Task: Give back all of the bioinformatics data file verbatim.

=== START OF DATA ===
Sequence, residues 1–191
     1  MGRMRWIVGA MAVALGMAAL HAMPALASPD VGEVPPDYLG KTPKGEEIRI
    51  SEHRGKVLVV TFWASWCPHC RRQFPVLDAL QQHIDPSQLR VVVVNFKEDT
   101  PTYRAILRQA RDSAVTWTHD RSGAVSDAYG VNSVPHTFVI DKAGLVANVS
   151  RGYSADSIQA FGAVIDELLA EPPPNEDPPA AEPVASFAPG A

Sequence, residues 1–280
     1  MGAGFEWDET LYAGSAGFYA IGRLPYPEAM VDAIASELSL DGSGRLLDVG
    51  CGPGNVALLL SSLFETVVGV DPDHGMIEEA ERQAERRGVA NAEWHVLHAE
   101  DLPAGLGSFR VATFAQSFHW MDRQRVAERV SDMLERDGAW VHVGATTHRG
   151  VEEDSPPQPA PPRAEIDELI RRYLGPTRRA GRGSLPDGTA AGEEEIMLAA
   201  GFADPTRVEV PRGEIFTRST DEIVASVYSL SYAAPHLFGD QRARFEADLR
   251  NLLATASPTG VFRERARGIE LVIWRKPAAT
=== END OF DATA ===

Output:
Sequence, residues 1–191
     1  MGRMRWIVGA MAVALGMAAL HAMPALASPD VGEVPPDYLG KTPKGEEIRI
    51  SEHRGKVLVV TFWASWCPHC RRQFPVLDAL QQHIDPSQLR VVVVNFKEDT
   101  PTYRAILRQA RDSAVTWTHD RSGAVSDAYG VNSVPHTFVI DKAGLVANVS
   151  RGYSADSIQA FGAVIDELLA EPPPNEDPPA AEPVASFAPG A

Sequence, residues 1–280
     1  MGAGFEWDET LYAGSAGFYA IGRLPYPEAM VDAIASELSL DGSGRLLDVG
    51  CGPGNVALLL SSLFETVVGV DPDHGMIEEA ERQAERRGVA NAEWHVLHAE
   101  DLPAGLGSFR VATFAQSFHW MDRQRVAERV SDMLERDGAW VHVGATTHRG
   151  VEEDSPPQPA PPRAEIDELI RRYLGPTRRA GRGSLPDGTA AGEEEIMLAA
   201  GFADPTRVEV PRGEIFTRST DEIVASVYSL SYAAPHLFGD QRARFEADLR
   251  NLLATASPTG VFRERARGIE LVIWRKPAAT